I cried when I heard Jerry Collins is dead.
There was a moment of disbelief as my mother and I listened to the news. The former All Black and staunch Wellingtonian had been killed, along with his partner Alana, when a bus hit their car in Southern France.
Then we cried, floored by that strange echo of desolation you get when someone you loved - but never actually knew - passes away.
And in our household, we had loved Jerry.
"It doesn't seem right," Mum said, wiping her eyes, "For Jerry to go like that."
It doesn't seem right. Jerry Collins was supposed to be indestructible; no matter what colour jersey he wore, he was Superman. When he made one of his tackles you felt it in your living room.
He was a huge presence, running with the ball the opposition would commit two players to bring him down. He'd crash over the tryline - or occasionally dance over it after making a run like he was an outside back - and there would be that smile. Broad and joyful and unashamedly uncool. The smile of a guy doing what he loved best in the world.
He'd give his teammates a hug, or a fistbump, or (in the early days) the Hurricane Salute. And all the while his smile could have lit up the country from the Cake Tin to the East Coast.
Off the field, with young fans, he was both genuine and generous. I have a photo with him, taken at a Hurricanes fan event, where he stands with a hand on my shoulder. It's a big hand. I remember how huge he was, or how huge he seemed in comparison to 14-year-old me. He asked if I played rugby, and when I said yes, he told me to always tackle low. "No one can run if you got their legs," he said, then grinned and chuckled and went to take the next photo with another stunned kid.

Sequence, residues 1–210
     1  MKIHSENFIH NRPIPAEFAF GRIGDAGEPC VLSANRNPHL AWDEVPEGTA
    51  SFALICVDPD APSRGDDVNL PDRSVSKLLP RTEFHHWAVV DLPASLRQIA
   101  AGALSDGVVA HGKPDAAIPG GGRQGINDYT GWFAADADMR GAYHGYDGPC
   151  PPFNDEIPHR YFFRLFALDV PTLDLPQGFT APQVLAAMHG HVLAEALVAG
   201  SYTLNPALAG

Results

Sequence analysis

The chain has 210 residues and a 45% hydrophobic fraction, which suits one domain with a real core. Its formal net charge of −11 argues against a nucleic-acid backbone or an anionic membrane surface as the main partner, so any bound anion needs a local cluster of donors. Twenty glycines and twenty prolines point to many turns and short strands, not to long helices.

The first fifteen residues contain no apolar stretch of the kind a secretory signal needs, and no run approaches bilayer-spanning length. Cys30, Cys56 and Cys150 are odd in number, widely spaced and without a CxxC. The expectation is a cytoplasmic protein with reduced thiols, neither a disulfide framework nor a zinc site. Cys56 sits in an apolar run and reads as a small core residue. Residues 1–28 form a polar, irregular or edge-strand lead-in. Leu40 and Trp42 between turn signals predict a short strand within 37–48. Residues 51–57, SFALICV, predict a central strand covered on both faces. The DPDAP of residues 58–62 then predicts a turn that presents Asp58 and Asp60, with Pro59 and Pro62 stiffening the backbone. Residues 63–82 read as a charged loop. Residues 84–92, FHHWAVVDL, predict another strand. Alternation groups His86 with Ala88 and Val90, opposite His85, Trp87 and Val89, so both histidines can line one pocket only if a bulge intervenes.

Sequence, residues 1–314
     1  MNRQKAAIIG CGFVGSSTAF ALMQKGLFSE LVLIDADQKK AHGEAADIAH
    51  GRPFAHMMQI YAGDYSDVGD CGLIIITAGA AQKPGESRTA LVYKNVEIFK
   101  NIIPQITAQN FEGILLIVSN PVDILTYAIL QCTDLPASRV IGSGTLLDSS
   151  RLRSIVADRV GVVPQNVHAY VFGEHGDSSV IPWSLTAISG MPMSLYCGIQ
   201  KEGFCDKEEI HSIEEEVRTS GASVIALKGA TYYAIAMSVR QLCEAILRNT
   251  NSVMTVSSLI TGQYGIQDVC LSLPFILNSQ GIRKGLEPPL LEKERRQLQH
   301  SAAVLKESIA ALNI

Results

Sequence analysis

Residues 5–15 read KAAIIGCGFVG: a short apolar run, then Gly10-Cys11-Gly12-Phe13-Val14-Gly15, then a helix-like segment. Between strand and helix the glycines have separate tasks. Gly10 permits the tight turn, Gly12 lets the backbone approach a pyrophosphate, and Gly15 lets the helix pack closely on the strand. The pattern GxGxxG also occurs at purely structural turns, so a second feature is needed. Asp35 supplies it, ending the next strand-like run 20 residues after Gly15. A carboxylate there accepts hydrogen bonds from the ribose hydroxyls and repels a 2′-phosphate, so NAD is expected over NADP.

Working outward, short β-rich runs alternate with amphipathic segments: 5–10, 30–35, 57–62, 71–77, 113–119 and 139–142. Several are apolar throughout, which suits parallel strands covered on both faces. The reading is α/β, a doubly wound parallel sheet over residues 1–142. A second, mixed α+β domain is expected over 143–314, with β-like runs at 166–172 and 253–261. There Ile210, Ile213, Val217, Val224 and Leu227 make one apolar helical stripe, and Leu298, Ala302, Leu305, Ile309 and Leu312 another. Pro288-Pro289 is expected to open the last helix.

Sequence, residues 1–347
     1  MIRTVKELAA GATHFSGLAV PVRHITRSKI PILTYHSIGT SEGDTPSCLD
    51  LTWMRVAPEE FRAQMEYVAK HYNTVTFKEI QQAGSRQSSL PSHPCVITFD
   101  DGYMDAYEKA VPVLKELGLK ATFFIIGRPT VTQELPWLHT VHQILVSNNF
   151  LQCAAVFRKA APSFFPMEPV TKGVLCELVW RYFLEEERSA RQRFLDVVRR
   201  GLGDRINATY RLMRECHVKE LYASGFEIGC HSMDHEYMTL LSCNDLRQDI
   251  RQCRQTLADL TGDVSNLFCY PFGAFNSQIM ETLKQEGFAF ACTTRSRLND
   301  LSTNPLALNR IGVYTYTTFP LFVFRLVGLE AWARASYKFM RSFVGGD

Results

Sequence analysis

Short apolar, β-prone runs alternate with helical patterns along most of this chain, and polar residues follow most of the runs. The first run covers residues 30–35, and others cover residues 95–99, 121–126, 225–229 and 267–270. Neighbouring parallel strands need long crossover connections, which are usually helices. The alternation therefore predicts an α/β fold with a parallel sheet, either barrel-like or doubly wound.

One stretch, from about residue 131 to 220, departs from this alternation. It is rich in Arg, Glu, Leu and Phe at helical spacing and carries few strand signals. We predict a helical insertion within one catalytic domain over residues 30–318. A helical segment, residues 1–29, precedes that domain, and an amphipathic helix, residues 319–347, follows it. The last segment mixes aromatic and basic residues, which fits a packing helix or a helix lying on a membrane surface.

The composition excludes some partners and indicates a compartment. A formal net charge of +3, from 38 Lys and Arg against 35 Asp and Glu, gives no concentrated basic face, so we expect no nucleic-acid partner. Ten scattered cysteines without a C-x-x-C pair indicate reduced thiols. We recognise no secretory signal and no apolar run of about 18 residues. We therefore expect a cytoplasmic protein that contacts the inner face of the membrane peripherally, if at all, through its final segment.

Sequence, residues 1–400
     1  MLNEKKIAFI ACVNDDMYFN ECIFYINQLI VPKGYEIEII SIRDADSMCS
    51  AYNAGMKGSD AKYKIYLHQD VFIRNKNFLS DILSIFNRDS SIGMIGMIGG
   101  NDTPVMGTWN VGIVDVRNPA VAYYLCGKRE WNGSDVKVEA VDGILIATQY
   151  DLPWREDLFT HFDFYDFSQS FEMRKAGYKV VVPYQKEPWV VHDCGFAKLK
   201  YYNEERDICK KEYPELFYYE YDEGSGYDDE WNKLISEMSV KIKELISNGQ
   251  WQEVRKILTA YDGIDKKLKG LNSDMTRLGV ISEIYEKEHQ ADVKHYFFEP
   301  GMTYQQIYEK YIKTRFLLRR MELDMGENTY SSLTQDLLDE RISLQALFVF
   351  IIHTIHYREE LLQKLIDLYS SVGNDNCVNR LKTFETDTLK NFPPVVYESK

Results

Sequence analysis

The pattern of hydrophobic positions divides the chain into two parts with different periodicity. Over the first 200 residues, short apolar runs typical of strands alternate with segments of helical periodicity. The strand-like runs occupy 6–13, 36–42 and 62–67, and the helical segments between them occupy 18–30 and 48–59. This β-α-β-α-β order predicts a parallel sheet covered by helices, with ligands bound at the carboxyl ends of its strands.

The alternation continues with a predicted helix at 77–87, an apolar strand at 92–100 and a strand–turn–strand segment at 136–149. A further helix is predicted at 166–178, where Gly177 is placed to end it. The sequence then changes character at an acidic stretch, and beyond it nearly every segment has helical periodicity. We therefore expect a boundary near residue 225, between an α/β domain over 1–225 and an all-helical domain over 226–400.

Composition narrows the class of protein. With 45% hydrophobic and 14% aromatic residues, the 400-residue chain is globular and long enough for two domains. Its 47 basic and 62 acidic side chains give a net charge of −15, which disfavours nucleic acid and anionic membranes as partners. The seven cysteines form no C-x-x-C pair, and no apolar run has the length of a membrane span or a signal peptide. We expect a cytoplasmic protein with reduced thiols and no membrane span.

Rugby will miss him. It will miss the thing right at the heart of him - above everything else, he loved to play.
From north Wellington with his sprawling family, to England, to Canada - Jerry loved to play.
Shortly after retiring from rugby he caused a bit of bother turning out to play league for North City against Wainuiomata. He just wanted to throw a ball around, and the teams were pleased to have him involved - he had cousins in both. He bought the drinks after the match.
When English club Barnstaple invited him to come down to their club on a Saturday, he went - much to the surprise of the club president. And Jerry wasn't at a rugby club to stand on the sidelines, he wanted to play. When the rules said he couldn't just show up and play for the firsts, he happily turned out for the seconds.
There are All Blacks who have never donned their club kit, but Jerry played for Norths whenever he had half a chance. (Usually without telling the Hurricanes or All Blacks management first.)
Players who would've never got to play an All Black now cherish memories of when they too had the chance to face up to Jerry Collins and try to tackle low.
To call Jerry a smiling assassin would be accurate, but it wouldn't be true. He played with a smile not to disguise his intent, or to strike fear into his opponents, but to let the whole world know he loved rugby. His play could be brutal, and it was always uncompromising.
But at his best, Jerry played rugby with absolute joy.
And it's that joy we will miss, so very much.